The Central Electricity Regulatory Commission (CERC) recently approved a tariff of ₹2.41 (~$0.032)/kWh for 1,110 MW of wind-solar hybrid power projects as agreed by the successful bidders.
The Commission also approved the trading margin of ₹0.07 (~$0.0009)/kWh as agreed by the distribution licensees. If the Solar Energy Corporation of India (SECI) failed to provide an escrow arrangement or an unconditional and revolving letter of credit to the solar developers, the trading margin would be reduced to ₹0.02 (~$0.0003)/kWh.
As per the provisions of the ‘Change in Law Rules,’ the generator and the procurer should settle the claim themselves and approach the Commission only for the verification of the compensation amount.
SECI had filed a petition for the adoption of tariff for 1,110 MW of wind-solar hybrid projects (Tranche-III) connected with the interstate transmission system (ISTS) discovered through a competitive bidding process.
SECI invited bids to set up 1,200 MW of ISTS-connected wind-solar hybrid projects (Tranche-III) in January 2020. It received 11 bids for an aggregate capacity of 4,210 MW. In the auction process, ABC Renewable Energy (380 MW), Adani Renewable Energy Holding Eight (600 MW), and AMP Energy Green (130 MW) were declared winners. All three quoted a tariff of ₹2.41 (~$0.032)/kWh.
SECI submitted that all the projects would be completed in the financial year (FY) 2022-23 and would enable the distribution companies (DISCOMs) to meet their renewable purchase obligation (RPO) targets.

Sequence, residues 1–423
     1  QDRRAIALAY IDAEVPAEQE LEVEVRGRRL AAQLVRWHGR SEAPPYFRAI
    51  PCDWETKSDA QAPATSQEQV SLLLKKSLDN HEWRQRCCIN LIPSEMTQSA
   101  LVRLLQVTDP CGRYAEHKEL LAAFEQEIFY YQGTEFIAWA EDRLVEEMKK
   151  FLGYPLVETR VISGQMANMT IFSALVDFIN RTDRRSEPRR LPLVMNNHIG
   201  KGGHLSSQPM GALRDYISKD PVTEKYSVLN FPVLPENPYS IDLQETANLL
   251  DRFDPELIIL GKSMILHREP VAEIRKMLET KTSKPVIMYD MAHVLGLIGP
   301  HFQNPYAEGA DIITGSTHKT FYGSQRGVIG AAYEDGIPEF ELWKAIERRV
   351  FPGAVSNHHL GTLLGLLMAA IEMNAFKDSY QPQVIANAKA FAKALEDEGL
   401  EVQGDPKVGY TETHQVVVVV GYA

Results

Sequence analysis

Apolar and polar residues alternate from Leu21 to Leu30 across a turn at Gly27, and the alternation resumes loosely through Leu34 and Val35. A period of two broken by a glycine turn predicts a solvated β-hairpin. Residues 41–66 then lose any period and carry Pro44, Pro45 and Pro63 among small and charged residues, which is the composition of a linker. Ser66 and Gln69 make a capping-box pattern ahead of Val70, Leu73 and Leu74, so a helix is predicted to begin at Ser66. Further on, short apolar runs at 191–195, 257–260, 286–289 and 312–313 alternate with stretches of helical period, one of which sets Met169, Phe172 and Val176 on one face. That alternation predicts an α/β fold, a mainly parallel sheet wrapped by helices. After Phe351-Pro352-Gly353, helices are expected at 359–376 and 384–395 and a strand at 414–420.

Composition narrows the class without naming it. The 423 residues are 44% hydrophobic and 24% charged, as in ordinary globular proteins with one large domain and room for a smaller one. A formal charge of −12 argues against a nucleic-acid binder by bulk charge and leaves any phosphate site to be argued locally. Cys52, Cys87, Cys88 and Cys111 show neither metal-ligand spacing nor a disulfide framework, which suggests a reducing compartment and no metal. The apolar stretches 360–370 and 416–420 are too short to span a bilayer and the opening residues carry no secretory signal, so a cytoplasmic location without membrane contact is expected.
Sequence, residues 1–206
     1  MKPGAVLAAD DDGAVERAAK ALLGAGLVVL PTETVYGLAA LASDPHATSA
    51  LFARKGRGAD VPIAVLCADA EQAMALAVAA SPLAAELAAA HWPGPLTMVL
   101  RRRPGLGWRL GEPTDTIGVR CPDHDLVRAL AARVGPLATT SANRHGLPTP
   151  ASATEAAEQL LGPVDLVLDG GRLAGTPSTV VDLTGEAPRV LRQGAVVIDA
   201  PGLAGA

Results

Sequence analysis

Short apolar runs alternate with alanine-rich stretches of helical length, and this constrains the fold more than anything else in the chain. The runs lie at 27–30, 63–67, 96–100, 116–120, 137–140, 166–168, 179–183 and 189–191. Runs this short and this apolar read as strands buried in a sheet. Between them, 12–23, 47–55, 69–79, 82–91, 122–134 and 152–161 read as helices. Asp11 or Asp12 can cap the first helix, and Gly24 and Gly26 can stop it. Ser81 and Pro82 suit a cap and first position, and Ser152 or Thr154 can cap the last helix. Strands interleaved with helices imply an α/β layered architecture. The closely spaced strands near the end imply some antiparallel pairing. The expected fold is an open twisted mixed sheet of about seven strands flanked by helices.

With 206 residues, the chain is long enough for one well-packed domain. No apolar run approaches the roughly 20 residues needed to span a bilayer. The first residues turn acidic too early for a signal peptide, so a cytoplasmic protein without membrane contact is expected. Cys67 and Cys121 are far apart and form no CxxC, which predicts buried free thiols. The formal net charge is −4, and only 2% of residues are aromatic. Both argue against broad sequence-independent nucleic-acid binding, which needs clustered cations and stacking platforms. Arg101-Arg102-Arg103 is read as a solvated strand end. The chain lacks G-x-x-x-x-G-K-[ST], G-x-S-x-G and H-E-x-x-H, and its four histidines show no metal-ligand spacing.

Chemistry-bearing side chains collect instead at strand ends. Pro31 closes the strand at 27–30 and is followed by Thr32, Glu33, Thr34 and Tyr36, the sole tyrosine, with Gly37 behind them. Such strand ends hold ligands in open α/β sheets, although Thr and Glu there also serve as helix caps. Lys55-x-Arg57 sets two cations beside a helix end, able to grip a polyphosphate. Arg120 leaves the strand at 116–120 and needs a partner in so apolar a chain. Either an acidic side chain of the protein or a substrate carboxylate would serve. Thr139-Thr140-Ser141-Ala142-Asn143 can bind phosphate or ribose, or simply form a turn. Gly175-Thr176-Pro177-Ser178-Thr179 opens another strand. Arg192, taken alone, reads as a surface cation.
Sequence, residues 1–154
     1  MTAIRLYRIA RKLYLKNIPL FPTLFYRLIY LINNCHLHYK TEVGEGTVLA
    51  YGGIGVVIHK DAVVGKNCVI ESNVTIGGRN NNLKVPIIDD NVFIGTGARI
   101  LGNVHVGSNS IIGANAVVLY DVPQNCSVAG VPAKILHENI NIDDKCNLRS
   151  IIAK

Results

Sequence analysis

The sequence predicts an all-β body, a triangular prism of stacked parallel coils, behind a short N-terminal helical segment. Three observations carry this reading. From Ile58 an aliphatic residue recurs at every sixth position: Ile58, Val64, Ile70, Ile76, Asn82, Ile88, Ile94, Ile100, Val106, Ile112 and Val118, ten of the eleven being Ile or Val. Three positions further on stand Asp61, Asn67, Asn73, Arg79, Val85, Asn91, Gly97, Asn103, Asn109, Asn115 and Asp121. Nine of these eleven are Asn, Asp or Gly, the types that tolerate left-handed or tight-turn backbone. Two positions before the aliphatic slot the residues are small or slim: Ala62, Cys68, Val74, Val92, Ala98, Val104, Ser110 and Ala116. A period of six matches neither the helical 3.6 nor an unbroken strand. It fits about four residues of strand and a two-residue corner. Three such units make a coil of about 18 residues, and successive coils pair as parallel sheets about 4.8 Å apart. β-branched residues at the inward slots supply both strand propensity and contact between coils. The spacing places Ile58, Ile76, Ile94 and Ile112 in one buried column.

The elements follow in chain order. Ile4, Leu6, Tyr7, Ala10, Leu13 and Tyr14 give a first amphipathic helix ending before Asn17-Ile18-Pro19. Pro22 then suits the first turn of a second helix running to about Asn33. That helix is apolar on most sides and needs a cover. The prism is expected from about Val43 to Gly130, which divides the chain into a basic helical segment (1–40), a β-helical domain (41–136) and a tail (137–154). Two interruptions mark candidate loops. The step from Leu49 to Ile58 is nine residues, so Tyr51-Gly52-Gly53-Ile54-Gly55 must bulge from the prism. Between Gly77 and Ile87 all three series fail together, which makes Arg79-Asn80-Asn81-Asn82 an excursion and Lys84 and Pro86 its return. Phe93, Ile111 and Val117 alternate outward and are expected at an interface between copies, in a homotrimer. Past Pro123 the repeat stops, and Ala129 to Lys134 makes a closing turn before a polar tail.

It also added that as per the clause of the power purchase agreements (PPAs) and the power sale agreements (PSAs), the change in rates of safeguard duty, goods and services tax (GST), and basic customs duty (BCD) after December 7, 2020, would be considered ‘Change in Law,’ subject to the approval of the Commission at the time of tariff adoption.
SECI added that the nature and extent to which the above events will have an impact would be considered based on the implications on the implementation of the project by the developers.
The Commission observed that SECI had made certain changes in the ‘Change in Law’ provisions in the bidding documents. SECI, in the PPA and the PSA, had provided for a pre-determined amount of compensation for ‘Change in Law’ events, whereby for every net increase or decrease of ₹100,000 (~$1,322)/MW in the project cost, there will be a corresponding increase or decrease of an amount equal to ₹0.0049 (~$0.00006)/kWh.
The modified ‘Change in Law’ provisions had been incorporated in the bidding documents before the bid submission deadline. However, the Commission added that the competent authority had not approved the deviations at the time of their incorporation in the bidding documents.
The Central Commission noted that though the Ministry of New and Renewable Energy (MNRE) approved the changes on March 1, 2021, the petitioner furnished the conformity certificate on February 18, 2021. This implies that on the date the conformity certificate was issued, there was no approval from the MNRE, which was a serious lapse by SECI.
The central regulator said that the parties had agreed that any change in the rates of safeguard duty, GST, and basic customs duty after December 7, 2020, would be treated as ‘Change in Law.’
In a recent order, CERC approved tariffs of ₹2.99 (~$0.039)/kWh for 160 MW and ₹3 (~$0.040)/kWh for 810 MW of wind power projects (blended with solar).
Earlier, CERC had approved a tariff of ₹2.69 (~$0.036)/kWh discovered by SECI for 600 MW of wind-solar hybrid projects (Tranche II) under the ISTS program.
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Rakesh is a staff reporter at Mercom India. Prior to joining Mercom, he worked in many roles as a business correspondent, assistant editor, senior content writer, and sub-editor with bcfocus.com, CIOReview/Silicon India, Verbinden Communication, and Bangalore Bias. Rakesh holds a Bachelor’s degree in English from Indira Gandhi National Open University (IGNOU). More articles from Rakesh Ranjan.